14. ^ "Royal News: December 2000". Nettyroyal.nl. Retrieved . 
  15. ^ "Press release". Archived from the original on 2006-06-03. Retrieved . 
  16. ^ "Latest news and profile of Crown Princess Mette-Marit". hellomagazine.com. Retrieved . 
  17. ^ "About UNAIDS". Unaids.org. Retrieved . 
  18. ^ "Feature stories - 2006". Unaids.org. Retrieved . 
  19. ^ "Ceremonia Oficial De Bienvenida De Sus Altezas Reales Haakon Magnus Y Mette-marit (Official welcoming ceremony of Their Royal Highnesses Haakon and Mette-marit)". youtube.com. Retrieved 2012. 
  20. ^ "Her Majesty Queen Sonja". Retrieved 2016. 
  21. ^ a b c d e f g h i j k l m n o p q r s t u v w x y "The Decorations of HRH The Crown Princess - The Royal House of Norway". Royalcourt.no. 2016-12-20. Retrieved . 
  22. ^ a b "Photographic image" (JPG). Kongehuset.no. Retrieved . 
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  27. ^ "Prinzessin Mette-Marit « wienerin.at". Typischich.at. Retrieved . 
  28. ^ "Reply to a parliamentary question about the Decoration of Honour" (PDF) (in German). p. 1811. Retrieved 2012.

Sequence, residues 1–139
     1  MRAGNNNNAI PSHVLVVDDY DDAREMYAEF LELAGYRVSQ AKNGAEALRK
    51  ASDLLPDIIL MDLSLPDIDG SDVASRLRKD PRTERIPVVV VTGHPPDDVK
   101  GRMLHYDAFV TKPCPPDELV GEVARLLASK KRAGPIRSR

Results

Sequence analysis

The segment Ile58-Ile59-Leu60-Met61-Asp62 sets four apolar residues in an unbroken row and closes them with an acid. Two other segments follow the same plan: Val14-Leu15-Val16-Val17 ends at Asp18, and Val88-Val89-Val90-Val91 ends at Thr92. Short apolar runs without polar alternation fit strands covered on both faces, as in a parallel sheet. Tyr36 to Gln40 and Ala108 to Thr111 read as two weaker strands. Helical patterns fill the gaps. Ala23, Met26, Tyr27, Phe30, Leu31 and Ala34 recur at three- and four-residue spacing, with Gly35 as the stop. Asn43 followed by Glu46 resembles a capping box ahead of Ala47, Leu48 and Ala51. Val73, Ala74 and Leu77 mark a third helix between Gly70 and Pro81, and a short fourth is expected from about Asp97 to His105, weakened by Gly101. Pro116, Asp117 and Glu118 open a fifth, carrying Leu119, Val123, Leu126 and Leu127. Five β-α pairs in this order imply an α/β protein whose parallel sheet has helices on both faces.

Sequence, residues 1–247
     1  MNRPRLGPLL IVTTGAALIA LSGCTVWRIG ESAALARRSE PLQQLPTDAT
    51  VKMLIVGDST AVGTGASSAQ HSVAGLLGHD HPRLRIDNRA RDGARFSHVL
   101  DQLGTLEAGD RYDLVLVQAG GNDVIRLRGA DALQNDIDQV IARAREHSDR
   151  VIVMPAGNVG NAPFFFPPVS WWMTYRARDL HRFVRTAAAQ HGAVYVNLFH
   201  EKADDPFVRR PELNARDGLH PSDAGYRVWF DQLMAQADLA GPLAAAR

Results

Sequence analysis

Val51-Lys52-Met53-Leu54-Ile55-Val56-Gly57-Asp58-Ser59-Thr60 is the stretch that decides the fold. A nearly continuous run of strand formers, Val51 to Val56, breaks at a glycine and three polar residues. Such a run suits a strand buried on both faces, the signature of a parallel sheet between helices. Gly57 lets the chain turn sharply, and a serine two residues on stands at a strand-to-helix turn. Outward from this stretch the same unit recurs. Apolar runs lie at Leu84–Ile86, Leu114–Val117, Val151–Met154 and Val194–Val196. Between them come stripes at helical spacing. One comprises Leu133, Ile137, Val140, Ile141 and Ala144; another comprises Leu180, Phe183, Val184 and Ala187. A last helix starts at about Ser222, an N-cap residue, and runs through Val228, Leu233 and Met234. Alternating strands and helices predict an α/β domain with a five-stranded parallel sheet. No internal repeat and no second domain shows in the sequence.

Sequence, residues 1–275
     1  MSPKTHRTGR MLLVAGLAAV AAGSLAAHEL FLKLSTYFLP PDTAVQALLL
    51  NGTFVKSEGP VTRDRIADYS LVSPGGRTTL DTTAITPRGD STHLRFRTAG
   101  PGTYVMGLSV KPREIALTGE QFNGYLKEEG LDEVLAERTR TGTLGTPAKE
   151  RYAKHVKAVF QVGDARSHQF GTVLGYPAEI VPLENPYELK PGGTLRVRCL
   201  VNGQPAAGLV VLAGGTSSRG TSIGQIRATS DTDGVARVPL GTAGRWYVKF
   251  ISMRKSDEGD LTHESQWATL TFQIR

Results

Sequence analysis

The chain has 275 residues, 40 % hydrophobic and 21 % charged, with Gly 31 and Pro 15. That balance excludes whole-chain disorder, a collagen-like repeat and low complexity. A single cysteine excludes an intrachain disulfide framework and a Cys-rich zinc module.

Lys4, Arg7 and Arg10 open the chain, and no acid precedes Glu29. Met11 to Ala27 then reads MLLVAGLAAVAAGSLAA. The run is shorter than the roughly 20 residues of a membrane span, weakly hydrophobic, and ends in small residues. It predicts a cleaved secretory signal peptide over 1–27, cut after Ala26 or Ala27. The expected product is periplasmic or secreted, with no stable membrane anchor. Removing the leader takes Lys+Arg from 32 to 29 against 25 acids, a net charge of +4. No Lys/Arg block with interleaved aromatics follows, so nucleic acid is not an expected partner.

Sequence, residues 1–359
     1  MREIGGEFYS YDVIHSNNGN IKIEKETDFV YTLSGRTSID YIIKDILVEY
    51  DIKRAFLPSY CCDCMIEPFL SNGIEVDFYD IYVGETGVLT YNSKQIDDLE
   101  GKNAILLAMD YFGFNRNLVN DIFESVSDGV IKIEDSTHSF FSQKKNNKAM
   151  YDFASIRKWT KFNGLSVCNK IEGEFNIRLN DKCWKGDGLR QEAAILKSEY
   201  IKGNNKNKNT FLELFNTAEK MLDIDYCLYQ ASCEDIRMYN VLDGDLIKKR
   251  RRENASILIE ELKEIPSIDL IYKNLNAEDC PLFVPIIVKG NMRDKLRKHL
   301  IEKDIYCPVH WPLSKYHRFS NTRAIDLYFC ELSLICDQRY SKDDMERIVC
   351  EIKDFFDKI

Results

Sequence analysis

29. ^ "DOU 06/09/2007 - Pág. 7 - Seção 1 - Diário Oficial da União" (in Portuguese). Jusbrasil.com.br. Retrieved . 
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  33. ^ Estonian State Decorations, Kroonprintsess Mette Marit - website of the President of Estonia (Estonian)
  34. ^ "Noblesse & Royautés » Dîner en l'honneur du président de Finlande au palais royal d'Oslo". Noblesseetroyautes.com. 2012-11-09. Archived from the original on 17 March 2013. Retrieved . 
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  43. ^ "Lietuvos Respublikos Prezident?". Lrp.lt. Archived from the original on 19 April 2014. Retrieved . 
  44. ^ Photo of a State visit of Lithuania to Norway, March 2011
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  47. ^ "Photographic image" (JPG). C7.alamy.com. Retrieved . 
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  49. ^ "CIDADÃOS ESTRANGEIROS AGRACIADOS COM ORDENS PORTUGUESAS - Página Oficial das Ordens Honoríficas Portuguesas". Ordens.presidencia.pt. Retrieved . 
  50. ^ Royal Decree 655/2006, BOE no. 126, 27 May 2006, p. 20011
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External links